UK: Health experts cast doubt on hopes for holiday 'air bridges'
Britain had confirmed on it was looking at establishing "air bridges" with countries with low rates of coronavirus, exempting them from controversial quarantine measures.
Public health experts and officials have warned that the idea of ''air bridge'' links between the UK and overseas holiday destinations may prove impossible this summer, amid continued concern over how they could operate safely.
Britain had confirmed on Tuesday it was looking at establishing "air bridges" with countries with low rates of coronavirus, exempting them from controversial quarantine measures.
A series of reports have predicted air bridges could be in place by the end of June. While this appears to be the preference of the Department for Transport, other departments are understood to be more cautious and want to establish how they would work.
David Hunter, professor of epidemiology at Oxford University, said: ''Air bridges between countries with similar Covid risks make sense, if it’s in the interests of both countries. When it’s asymmetric, it’s not obvious how that would work.''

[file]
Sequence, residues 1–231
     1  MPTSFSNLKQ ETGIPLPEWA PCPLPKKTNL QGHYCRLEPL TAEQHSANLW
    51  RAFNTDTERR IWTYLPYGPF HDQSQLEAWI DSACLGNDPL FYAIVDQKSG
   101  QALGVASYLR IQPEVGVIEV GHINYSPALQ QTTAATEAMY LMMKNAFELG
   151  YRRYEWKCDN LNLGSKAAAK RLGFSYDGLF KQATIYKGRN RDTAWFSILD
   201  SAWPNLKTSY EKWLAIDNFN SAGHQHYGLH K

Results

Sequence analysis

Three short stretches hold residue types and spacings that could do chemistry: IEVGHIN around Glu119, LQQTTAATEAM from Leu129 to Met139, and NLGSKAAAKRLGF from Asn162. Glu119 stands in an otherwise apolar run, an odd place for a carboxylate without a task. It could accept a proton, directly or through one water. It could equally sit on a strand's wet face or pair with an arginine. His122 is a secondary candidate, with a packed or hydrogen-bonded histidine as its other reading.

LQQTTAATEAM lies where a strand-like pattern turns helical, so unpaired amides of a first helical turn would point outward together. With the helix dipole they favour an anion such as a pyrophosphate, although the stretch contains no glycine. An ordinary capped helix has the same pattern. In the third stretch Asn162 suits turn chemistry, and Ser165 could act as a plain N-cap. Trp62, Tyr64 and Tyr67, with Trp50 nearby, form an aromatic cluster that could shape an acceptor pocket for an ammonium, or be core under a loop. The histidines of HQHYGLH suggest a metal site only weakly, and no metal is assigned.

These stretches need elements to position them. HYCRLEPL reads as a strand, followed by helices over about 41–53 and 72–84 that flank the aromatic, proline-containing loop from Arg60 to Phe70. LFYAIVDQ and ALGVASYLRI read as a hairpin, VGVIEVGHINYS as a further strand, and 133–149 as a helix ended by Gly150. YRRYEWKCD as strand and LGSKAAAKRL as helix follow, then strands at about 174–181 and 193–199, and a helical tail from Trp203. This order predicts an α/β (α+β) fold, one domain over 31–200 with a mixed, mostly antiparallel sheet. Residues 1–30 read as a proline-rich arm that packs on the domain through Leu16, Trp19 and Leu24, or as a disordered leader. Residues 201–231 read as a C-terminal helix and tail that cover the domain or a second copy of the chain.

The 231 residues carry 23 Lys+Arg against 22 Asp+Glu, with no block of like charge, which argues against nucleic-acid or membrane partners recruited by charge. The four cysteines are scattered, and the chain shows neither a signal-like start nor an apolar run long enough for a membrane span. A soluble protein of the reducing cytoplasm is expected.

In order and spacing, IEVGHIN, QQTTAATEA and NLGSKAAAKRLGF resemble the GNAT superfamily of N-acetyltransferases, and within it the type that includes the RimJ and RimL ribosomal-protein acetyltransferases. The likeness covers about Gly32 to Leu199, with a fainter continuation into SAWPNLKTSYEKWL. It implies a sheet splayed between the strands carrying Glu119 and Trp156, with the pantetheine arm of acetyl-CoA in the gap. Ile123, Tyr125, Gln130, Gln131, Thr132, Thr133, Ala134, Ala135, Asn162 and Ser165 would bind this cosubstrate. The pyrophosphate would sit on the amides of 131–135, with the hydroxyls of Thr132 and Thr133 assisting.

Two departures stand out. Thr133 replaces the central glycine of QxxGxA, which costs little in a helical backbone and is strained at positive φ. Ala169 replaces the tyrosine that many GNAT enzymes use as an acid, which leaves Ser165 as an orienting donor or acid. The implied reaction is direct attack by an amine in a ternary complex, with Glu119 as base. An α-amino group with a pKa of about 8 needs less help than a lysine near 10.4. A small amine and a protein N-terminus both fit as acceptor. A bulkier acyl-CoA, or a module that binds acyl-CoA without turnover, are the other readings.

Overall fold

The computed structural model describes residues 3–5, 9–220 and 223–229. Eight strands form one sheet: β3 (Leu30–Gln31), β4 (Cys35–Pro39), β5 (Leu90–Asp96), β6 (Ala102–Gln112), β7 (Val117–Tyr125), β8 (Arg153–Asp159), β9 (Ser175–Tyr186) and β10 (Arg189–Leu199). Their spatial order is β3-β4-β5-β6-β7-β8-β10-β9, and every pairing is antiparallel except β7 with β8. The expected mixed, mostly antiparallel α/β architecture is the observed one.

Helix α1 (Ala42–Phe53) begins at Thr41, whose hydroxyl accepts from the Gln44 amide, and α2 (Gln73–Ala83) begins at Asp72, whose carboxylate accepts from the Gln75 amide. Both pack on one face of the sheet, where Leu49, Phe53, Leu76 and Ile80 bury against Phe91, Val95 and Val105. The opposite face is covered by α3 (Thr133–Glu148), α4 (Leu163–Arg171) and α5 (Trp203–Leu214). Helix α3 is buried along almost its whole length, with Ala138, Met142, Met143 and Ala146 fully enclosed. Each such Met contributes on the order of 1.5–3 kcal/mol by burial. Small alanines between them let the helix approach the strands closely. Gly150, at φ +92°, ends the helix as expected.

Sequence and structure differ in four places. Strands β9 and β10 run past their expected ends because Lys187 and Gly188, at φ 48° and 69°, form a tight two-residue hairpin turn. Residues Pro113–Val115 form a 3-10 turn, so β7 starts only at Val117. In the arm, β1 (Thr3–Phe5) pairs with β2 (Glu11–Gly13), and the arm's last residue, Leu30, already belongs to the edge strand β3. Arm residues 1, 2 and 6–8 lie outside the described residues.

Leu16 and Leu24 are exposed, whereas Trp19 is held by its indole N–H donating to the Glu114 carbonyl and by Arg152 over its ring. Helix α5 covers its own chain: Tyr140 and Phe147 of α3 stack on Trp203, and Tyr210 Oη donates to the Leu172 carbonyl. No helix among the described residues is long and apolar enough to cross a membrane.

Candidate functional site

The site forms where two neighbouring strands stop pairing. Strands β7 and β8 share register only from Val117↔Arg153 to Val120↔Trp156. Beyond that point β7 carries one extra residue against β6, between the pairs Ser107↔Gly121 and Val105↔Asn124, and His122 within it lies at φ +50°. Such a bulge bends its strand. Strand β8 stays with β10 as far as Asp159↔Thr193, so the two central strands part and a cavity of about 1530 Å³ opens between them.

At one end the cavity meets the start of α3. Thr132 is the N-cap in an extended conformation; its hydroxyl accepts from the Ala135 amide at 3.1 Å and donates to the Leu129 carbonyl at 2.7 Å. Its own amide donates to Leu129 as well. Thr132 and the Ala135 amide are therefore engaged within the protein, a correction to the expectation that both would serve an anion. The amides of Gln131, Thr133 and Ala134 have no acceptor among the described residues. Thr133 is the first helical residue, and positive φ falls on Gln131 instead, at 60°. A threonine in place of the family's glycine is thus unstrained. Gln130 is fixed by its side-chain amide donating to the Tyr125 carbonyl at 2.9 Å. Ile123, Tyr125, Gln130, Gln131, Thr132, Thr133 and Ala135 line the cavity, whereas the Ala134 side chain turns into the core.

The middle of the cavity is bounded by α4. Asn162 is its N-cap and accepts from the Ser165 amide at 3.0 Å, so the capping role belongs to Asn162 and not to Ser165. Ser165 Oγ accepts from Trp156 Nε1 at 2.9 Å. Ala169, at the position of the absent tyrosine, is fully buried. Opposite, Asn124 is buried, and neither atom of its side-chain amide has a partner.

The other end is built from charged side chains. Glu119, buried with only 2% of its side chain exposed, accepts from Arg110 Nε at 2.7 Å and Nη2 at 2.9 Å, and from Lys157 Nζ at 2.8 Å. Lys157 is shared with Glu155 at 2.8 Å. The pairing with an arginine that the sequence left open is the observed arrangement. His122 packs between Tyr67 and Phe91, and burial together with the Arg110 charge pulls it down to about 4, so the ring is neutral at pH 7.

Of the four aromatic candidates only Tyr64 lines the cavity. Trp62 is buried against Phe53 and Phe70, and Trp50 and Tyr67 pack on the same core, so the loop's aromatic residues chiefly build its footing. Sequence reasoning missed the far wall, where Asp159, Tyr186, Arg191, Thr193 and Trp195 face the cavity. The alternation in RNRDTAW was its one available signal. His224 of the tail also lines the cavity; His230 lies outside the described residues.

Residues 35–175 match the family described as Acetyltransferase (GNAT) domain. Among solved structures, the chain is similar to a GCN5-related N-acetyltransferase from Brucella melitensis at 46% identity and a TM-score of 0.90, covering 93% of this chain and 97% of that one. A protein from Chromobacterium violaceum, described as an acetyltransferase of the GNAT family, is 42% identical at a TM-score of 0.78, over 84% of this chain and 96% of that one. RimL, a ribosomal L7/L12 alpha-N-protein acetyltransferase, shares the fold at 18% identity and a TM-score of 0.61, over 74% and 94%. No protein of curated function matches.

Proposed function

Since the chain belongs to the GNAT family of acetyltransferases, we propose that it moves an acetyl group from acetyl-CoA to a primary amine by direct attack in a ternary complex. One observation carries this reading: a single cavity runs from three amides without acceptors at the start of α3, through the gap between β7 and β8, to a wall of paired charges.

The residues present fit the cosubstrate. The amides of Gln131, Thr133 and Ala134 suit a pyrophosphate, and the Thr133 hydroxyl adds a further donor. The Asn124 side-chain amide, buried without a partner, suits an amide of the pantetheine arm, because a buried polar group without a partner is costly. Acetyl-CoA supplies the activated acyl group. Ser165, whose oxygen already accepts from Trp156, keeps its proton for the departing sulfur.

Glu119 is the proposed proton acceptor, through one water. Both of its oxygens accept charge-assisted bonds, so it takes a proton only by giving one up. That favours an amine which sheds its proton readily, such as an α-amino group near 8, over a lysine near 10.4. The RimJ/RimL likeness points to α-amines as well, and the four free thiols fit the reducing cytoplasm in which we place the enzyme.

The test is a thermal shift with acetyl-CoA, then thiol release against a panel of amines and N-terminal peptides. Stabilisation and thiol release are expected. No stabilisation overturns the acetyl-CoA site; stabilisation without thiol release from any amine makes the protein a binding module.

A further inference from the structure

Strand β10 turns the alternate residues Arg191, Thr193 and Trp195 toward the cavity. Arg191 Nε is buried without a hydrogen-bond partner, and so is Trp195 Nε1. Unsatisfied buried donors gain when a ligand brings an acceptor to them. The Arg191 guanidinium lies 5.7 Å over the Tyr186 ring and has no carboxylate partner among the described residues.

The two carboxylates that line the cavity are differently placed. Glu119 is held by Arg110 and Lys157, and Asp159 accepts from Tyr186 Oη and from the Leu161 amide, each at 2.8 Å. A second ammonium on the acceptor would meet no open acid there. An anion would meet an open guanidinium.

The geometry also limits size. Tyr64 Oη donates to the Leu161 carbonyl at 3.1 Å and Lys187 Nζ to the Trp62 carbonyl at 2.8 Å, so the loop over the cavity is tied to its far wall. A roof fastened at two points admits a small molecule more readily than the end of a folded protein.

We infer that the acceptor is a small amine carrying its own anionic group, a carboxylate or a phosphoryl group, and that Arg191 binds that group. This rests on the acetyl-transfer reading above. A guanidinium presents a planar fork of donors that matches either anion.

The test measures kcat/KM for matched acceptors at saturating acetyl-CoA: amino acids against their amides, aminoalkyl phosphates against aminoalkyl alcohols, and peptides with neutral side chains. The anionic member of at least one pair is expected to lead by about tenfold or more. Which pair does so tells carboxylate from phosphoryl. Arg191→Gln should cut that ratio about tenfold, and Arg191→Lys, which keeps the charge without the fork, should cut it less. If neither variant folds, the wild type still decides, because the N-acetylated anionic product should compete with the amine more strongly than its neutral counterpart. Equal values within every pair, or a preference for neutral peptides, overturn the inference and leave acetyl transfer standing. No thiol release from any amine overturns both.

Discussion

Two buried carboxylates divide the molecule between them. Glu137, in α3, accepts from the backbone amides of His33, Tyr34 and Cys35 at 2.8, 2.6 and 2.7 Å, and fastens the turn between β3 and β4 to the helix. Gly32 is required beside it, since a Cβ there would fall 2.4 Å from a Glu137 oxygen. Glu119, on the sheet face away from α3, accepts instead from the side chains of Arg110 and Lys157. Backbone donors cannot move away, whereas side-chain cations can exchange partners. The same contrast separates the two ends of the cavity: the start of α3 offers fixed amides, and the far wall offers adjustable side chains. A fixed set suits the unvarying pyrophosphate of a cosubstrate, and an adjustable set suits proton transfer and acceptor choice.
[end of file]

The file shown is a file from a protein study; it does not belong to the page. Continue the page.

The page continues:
Public health experts have also noted the potential logistical difficulties of the UK having arrangements with any European countries that currently have much lower coronavirus infection levels.
Authorities in England will carry out spot checks on those self-isolating and breaches of the rules could be punished by a £1,000 fine or prosecution.
Foreign nationals could be deported "as a last resort" if they break quarantine, while non-resident foreign nationals who do not comply could be refused entry at the border.
Under a plan announced last month to try to limit the spread of COVID-19, international arrivals from June 8 will be required to self-isolate for a fortnight.